The REU program in Computational and Applied Math (including the NSF funded UCLA REU site in Mathematical Modeling) at UCLA provides funded 8 week summer research opportunities for students to work on frontier level problems in Applied Math with UCLA faculty. Applications for the 2019 Computational and Applied Math REU are now open. Apply through mathprograms.org at this URL.
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In Summer of 2019 we plan to offer a set of projects that will include the following areas. The list will be continuously updated as new projects are added.
Blood flow in microvascular networks
Microvascular networks; made up of the narrowest blood vessels, deliver red blood cells continuously throughout the human body. We will use experimental data (from zebrafish, mice brains and retinal imaging) to model blood flow, and to determine how vessels are organized to solve difficult mathematical optimization problems, such as being resistant to damage, and ensuring that every part of a tissue receives an even amount of oxygen.
Organization of fungal cells
Fungal cells are organized very differently from animal (or plant) cells. Rather than having a single nucleus sitting in a cell, and directing the cell’s behaviors, a fungal cell may contain tens or even thousands of nuclei, all sharing a single cytoplasm. How do these nuclei work together to control the cell’s behavior? In this project, we will follow two lines of inquiry — 1. developing our own image analysis tools and running experiments, to understand cell cycle: the cues that nuclei use when making the decision to divide. 2. We will study data produced by our collaborators at UNC Chapel Hill and UC Berkeley, mapping out the nuclei, and the proteins that produce in fungi that are grown in microfluidic devices that deliver different environmental cues to different parts of the fungus. In both projects the goal is to understand how different nuclei that receive different cues from the fungus’ environment pool their information to make decisions together.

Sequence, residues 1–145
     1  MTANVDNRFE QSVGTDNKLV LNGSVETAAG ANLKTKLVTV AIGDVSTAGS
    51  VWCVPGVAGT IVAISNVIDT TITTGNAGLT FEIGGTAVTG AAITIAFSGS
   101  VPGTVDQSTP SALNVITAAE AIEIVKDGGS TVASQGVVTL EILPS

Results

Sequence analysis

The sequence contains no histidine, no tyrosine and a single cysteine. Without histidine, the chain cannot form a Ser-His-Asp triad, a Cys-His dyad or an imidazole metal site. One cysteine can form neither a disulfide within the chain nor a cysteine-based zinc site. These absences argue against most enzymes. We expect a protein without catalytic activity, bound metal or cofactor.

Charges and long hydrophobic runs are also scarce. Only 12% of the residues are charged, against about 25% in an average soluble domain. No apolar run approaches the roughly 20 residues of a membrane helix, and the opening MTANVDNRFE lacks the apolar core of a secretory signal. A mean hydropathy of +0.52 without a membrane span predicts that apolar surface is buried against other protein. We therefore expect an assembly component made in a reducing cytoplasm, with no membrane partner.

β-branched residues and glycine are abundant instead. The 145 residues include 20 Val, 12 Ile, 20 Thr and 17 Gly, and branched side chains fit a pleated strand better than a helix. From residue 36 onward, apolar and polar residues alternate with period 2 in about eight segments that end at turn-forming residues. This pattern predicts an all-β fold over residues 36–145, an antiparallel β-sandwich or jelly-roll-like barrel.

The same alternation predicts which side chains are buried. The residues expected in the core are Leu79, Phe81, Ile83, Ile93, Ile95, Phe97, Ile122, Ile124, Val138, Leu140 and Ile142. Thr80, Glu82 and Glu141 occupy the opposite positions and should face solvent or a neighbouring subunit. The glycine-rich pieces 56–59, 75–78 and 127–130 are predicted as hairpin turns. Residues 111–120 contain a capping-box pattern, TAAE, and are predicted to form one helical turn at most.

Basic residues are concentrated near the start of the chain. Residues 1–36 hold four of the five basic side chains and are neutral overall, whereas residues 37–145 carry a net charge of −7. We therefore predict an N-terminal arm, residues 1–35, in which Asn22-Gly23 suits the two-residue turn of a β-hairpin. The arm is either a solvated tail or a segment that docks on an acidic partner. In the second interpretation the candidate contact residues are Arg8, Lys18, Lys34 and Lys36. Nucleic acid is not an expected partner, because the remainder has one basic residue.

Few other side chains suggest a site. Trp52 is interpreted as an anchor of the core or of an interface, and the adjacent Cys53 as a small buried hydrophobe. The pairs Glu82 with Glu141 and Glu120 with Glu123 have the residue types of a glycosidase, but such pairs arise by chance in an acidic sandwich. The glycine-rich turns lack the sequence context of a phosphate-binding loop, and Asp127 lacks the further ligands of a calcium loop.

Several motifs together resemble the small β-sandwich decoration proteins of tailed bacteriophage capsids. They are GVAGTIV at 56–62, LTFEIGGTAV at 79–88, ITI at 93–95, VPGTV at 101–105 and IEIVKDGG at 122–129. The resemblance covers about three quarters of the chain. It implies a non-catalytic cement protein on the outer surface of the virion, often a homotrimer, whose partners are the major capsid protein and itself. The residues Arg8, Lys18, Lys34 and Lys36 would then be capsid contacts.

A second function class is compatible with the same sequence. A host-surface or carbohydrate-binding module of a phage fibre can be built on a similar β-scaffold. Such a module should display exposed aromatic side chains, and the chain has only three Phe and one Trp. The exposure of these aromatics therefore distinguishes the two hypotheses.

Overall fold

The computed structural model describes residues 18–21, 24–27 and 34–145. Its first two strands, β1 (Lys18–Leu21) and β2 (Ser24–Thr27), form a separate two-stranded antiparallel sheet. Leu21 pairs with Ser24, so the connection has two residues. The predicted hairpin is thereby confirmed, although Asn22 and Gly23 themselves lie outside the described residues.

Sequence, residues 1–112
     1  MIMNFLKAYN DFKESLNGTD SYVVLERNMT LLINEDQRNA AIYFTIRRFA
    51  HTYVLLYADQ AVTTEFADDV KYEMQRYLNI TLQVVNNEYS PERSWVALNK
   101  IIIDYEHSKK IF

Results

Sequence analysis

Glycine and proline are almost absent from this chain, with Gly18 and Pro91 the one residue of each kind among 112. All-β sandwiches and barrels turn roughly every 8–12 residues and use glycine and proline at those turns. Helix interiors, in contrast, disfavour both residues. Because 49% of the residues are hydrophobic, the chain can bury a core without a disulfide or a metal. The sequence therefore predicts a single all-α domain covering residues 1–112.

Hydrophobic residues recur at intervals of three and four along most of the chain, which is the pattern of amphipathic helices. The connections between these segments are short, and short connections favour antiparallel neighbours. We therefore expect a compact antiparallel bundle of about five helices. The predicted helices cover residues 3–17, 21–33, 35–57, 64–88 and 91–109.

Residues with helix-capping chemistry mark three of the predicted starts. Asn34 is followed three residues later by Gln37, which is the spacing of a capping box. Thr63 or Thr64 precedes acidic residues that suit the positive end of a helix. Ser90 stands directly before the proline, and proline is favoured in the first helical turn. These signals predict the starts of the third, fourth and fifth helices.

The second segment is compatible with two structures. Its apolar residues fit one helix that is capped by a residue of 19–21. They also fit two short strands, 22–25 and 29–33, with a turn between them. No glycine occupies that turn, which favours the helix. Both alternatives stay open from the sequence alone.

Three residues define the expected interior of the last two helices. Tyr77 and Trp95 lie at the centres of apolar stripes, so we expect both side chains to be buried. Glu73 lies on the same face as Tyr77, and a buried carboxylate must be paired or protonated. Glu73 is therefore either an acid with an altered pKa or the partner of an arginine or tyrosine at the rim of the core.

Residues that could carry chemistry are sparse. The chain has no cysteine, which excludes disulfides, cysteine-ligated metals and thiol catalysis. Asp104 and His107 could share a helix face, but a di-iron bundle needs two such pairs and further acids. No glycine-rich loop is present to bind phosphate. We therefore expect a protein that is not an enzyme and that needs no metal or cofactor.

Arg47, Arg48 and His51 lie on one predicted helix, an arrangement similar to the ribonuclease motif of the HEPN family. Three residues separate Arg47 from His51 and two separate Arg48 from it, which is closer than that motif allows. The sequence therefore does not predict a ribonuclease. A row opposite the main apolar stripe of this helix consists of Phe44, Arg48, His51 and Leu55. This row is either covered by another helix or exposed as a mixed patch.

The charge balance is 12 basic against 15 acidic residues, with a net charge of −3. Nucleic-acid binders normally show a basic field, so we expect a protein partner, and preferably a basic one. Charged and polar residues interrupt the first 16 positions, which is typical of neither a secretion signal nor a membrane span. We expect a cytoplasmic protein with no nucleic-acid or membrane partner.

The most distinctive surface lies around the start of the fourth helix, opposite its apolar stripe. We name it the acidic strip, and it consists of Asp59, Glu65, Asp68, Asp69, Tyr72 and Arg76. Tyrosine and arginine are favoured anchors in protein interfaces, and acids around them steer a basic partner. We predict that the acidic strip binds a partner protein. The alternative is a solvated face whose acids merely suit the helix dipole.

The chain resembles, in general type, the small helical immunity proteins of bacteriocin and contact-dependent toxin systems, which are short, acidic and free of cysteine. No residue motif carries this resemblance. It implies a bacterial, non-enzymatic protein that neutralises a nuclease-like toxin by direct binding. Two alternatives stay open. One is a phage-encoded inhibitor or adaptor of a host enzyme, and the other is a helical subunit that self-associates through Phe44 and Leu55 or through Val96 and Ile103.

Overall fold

(Provisional topic). We will develop a tool for predicting how small particles move around within a class of lab on a chip devices called inertial microfluidic devices. Although these devices are used in industry and university labs for hundreds of applications, there is no theory that is capable of predicting how particles such as cells move within devices. Our goal is to create a fast computational tool based on a successful theoretical model of particle motion that has been known about for 30 years. We will figure out how to computationally implement the method of solution, using finite element methods. Our goal is to create a tool that can be easily used by any experimentalist, and that will finally allow for theoretical design of these devices. This project is particularly suitable for students with interests either in physics or in Partial Differential Equations.
Machine learning for Los Angeles homicide narratives
What makes two homicides different? Is it something about the victim, the suspect, the place where it happened, motive? These features of homicides often appear in text narratives describing the event. The purpose of this project is to understand this high dimensional space and identify patterns.